Birch felt he ought to be rooting for one of the women, but didn't know which. Miss Bostwick had a right to be angry at her cousin for putting her in such an awkward situation.
"But, Mayor," Jenks whined, "I have a right to take my bride over to the church and get hitched. I won the race."
Lissette's skirts rustled as she whirled to face him. "No one expected that to happen. Birch and Hezzie always win."
"That doesn't change the fact that I won this time," he retorted.
"Which means nothing to me," Miss Bostwick said.
Birch raised his hands. "Hold on. Can I get a word in here?"
"Go ahead," Mayor Sythes gestured him forward. "Speak up, Birch."
"First, I had no knowledge about Miss Westbrook coming here—"
"Bostwick," the redhead corrected, preventing the calico kitten from climbing to her shoulder again.
"—or being the designated bride for the race. In fact, I didn't think any bride had volunteered yet."
"I can verify when the race is to take place." Mayor Sythes pulled a paper out of his vest pocket. "I have the competition rules and schedule with me." Putting on his spectacles, he read, "The Ride for a Bride Race shall commence on the day following the conclusion of the ranch competition. That means the race is to be held July 30."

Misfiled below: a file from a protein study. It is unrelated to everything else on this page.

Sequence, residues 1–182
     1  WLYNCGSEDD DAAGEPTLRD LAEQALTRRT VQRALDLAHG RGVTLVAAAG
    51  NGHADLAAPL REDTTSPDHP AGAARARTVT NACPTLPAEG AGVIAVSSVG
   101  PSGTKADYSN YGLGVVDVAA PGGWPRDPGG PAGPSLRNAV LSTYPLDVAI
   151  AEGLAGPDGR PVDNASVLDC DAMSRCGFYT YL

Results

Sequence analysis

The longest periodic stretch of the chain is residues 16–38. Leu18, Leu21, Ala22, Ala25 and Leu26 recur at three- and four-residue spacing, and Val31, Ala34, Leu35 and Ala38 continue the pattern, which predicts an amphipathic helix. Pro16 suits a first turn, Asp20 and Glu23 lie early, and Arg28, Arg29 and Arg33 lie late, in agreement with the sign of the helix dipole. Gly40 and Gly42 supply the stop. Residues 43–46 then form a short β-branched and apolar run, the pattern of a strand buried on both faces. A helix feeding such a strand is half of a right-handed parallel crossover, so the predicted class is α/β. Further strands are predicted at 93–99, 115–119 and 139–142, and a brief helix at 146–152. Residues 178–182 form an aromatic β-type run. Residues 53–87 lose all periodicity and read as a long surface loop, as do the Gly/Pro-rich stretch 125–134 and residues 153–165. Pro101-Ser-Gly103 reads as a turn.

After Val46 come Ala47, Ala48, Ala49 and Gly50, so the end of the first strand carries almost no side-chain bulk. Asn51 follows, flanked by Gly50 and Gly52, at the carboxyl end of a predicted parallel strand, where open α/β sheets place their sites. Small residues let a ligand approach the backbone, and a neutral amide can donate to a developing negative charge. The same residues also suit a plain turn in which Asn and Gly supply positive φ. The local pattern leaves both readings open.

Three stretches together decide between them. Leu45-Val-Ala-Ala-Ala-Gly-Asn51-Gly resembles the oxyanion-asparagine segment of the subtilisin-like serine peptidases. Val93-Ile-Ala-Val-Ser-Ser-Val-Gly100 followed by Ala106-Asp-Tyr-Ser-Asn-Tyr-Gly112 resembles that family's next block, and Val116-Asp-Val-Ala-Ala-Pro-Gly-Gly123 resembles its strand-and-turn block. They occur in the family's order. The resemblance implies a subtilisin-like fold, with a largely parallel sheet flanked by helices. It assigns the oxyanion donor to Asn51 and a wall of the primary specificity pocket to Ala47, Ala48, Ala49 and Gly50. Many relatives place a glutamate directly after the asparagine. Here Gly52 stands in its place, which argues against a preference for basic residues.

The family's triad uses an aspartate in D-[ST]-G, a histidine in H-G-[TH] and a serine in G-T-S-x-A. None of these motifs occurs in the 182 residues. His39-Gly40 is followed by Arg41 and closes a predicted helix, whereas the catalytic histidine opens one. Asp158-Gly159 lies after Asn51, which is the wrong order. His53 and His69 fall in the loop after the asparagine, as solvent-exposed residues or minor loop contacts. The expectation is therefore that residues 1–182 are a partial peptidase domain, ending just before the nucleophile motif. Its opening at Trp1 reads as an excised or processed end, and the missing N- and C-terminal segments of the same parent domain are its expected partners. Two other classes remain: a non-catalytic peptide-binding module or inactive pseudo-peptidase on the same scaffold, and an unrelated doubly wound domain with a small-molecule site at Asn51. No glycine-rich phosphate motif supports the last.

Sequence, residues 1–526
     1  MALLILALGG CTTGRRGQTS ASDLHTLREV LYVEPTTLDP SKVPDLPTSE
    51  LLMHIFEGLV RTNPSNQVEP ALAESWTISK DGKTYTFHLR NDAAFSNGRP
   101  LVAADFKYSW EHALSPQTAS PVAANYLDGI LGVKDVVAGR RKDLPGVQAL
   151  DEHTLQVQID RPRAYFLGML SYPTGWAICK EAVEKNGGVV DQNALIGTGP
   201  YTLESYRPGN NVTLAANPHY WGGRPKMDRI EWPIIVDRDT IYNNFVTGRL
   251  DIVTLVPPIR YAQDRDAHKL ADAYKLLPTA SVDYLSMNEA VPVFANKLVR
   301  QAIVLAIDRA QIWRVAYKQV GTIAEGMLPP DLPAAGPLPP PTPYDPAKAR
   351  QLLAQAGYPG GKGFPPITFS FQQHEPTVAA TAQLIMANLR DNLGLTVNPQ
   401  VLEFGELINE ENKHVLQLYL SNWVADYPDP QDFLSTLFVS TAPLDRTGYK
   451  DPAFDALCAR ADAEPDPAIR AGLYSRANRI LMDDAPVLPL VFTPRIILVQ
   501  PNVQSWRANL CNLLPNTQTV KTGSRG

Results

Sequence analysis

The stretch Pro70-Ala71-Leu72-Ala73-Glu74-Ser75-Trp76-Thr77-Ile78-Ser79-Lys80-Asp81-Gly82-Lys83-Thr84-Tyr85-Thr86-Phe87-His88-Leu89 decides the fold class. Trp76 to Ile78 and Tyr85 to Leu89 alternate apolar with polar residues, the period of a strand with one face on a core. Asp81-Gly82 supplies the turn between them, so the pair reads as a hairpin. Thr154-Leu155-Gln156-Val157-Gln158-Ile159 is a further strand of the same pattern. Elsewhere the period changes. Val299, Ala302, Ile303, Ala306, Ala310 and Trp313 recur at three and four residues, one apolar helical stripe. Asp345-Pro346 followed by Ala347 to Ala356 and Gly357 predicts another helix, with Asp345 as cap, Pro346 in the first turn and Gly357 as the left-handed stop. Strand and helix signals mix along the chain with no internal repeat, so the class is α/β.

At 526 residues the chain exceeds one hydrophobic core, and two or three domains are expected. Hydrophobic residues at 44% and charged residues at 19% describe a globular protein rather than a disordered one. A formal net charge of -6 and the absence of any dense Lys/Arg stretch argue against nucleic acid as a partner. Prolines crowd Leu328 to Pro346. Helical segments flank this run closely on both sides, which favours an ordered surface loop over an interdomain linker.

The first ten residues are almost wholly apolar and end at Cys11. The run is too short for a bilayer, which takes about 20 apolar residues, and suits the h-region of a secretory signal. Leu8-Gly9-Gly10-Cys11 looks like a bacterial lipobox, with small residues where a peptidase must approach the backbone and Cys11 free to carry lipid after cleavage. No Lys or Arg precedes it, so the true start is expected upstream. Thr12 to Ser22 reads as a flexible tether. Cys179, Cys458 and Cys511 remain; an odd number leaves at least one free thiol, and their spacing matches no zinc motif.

"Let me see that." Jenks snatched the paper away.
Lissette clapped her hands in delight. "This means you still have a chance to win Annora's hand, Birch. Isn't that marvelous?"
He wanted to puke.

Leave a comment below and you might win a copy of the book.

Charlene Raddon’s love affair with the Old West began as a child. She still has the six-gun from the cowboy outfit she wore when she was seven. In 1980, she woke from a vivid dream and decided it needed to be in a book, so she dragged out an old typewriter and began writing. She’s still at it.
First published by Kensington Books, Charlene is now an Indie author. When she isn’t writing, she loves communicating with readers and other writers. She also creates book covers at her site,

You can find Charlene at her website,

Check out her Amazon author page at
            On Facebook, find her at

1 comment:

Charlene Raddon said...

Thanks for hosting me, Paty.